Something out of the ordinary is guaranteed to meet you when you step into the Emerge Gallery in Saugerties to view an exhibition. Owner Robert Langdon encourages artists to challenge themselves in their creativity, to push beyond the boundaries of their comfort zones, and he’s not averse to doing the same as a gallerist when it comes to devising themes for shows or deciding what art to accept for them. It could be one piece of art or it could be the exhibit as a whole—the novel, the extraordinary, will be there to meet and greet you.
In the case of Golden Desire, the exhibition currently in the gallery through October 10, 2021, it’s the entire show that provides a unique experience. Two artists—Lesley Bodzy and Jay Youngdahl, both recent graduates of the MFA Program at the School of the Art Institute of Chicago—have collaborated to explore “the role of desire in our existential lives and the relation of gold to our personal and economic relationships,” Langdon states. “Conceived as an aid to consider our crucial universalities, the artists proceed with an understanding that we live in a common state of fragility, in our planet and in our bodies and minds.”
Painter and sculptor Lesley Bodzy explains: “This series of works attempts to visualize and process the invisible pressures many girls of my generation endured while conforming with the golden standard of stereotypical femininity,” she explains. “The gold drapery reflects the shiny veneer we each present to the world. Taught to play roles to please our parents and society, our challenge is to seek our true selves.”
Jay Youngdahl, a lawyer for and activist with workers in the American South, is a photographer, collage artist, and writer. “Finding abstraction in landscape and travel photography that connects to our human condition, his work in the show pulls several threads from the multitude of historic references to gold.” For me Youngdahl’s most striking work in the show derives directly from his work as labor advocate: a large golden poster displaying the lyrics of a song sung by twentieth-century textile workers. You have to see it to appreciate it in itself and in the context of this exhibition.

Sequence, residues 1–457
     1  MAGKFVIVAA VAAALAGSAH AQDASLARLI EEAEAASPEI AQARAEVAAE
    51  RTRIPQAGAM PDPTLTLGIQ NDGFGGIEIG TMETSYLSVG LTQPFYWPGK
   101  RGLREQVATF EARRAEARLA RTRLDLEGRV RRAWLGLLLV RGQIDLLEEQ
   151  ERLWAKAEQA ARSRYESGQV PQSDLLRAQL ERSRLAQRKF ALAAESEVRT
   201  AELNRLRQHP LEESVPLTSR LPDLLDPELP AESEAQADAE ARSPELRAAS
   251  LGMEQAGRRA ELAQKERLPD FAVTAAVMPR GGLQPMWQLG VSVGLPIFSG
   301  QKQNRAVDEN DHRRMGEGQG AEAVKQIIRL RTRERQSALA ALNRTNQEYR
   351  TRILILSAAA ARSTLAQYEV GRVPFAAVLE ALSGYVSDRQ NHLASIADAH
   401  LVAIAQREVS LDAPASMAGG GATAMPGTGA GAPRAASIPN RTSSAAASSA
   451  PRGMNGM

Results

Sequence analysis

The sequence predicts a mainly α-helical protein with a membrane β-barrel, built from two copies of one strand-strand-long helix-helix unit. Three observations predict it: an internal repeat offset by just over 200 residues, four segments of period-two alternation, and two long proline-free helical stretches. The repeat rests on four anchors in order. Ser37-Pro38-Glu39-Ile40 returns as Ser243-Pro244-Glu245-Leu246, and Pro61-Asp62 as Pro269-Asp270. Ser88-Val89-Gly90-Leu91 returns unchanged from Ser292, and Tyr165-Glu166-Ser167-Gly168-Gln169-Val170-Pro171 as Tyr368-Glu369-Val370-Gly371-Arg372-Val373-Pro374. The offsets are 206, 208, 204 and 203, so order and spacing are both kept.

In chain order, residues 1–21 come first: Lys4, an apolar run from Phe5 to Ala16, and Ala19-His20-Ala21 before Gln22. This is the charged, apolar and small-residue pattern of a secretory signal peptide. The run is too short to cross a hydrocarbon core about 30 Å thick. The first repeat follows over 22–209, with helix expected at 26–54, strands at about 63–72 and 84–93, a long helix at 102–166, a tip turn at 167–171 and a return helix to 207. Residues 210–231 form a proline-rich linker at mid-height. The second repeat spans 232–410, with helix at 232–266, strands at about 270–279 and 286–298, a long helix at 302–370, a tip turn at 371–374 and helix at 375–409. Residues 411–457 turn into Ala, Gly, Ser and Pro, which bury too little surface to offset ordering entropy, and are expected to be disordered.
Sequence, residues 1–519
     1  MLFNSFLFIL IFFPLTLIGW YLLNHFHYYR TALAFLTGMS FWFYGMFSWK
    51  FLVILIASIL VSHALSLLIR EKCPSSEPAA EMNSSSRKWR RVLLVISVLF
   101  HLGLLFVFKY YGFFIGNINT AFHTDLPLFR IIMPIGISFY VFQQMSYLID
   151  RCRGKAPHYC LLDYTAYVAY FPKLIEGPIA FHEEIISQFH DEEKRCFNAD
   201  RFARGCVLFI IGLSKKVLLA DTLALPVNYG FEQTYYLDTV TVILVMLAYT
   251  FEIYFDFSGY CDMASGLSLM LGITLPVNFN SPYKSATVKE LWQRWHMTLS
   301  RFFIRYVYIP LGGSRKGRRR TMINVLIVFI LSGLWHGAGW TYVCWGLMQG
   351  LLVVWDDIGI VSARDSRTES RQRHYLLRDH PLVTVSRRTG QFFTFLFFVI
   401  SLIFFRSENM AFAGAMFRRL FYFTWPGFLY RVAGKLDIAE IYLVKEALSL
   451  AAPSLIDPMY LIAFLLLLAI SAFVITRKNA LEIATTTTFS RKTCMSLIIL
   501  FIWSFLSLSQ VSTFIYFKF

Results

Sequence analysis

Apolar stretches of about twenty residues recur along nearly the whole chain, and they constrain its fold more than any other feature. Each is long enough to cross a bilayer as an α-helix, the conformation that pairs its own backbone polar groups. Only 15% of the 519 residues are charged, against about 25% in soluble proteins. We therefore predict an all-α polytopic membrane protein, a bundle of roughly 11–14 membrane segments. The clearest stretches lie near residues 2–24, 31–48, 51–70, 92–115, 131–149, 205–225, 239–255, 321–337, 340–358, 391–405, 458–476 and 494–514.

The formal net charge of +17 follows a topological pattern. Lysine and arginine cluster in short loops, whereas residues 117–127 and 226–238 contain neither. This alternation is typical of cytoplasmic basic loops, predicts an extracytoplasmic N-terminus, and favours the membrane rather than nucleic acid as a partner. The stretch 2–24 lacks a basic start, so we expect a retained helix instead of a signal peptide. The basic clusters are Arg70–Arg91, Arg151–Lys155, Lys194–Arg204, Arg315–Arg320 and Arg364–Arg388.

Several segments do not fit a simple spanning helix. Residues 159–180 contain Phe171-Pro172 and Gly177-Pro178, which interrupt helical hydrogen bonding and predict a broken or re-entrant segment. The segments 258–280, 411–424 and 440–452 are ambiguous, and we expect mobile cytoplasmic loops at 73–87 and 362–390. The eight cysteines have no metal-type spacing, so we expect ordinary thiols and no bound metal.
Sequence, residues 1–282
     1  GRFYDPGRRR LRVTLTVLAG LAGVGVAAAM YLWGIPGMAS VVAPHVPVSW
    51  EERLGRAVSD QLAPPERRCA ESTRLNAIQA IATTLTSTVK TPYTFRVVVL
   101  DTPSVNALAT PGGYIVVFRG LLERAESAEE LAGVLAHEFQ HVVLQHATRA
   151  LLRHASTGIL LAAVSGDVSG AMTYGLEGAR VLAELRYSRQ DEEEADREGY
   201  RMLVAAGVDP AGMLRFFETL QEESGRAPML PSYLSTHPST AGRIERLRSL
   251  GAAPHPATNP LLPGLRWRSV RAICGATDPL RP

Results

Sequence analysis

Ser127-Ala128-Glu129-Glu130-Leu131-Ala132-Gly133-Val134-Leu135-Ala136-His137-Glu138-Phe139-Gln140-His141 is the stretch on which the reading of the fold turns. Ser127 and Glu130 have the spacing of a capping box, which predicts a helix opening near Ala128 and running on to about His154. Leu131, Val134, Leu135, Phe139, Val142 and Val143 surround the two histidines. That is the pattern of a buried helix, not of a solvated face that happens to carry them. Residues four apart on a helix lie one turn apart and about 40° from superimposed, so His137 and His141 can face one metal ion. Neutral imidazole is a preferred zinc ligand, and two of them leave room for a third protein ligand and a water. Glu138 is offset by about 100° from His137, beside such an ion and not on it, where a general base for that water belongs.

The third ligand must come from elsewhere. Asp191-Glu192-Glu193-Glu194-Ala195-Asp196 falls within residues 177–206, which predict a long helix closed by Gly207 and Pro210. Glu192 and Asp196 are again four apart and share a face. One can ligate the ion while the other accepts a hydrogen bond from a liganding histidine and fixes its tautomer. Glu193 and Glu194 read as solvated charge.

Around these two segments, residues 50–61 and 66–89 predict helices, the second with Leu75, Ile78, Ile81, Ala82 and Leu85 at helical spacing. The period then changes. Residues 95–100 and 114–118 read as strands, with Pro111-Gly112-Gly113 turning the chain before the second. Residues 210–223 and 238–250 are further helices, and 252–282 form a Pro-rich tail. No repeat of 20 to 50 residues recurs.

“Golden Desire” is at the Emerge Gallery, Main Street, Saugerties, open Fridays through Sundays. If you can’t make it in person, artwork from this and all Emerge Gallery’s shows can be viewed and purchased online through artsy.net.
If you’re in or near the Catskill-Athens area and want to see a really super exhibit of outstanding paintings of our region by some of the gifted artists who live and work here, then don’t miss “Seasons of Greene II” at the Athens Cultural Center. Eleven of these artists—Scott Thomas Balfe, Bruce Bundock, James Coe, Kevin Cook, James Cramer, Keith Gunderson, Ann Larsen, Lynn Palumbo, Leigh Ann Smith, Susan M. Story, and Marlene Wiedenbaum—have captured, each in their own unique style, the beauty and sublimity to be found in the various special places protected by the Greene Land Trust. These include the Coxsackie Creek Grassland Preserve, Brandow Point, the Octaparagon Wildlife Refuge, the Coxsackie/Climax Creek Wetland, the Mawignack Preserve, the Willows, Pine Lane, and Flegel Farm. Each of these places has its own character, its own kind of terrain, so when eleven superb artists are let loose in them to meditate on and capture the characteristics that specially touch them, you’re guaranteed to enjoy a very engrossing show.
As the show’s title implies, it was preceded by the original “Seasons of Greene” which was held in 2017. Plans are afoot, I believe, to make this a regular event every other year. I hope so. I went there on the opening day so I could get a flavor of it to share with you, but I’m planning to return and spend the time that these magnificent artworks deserve.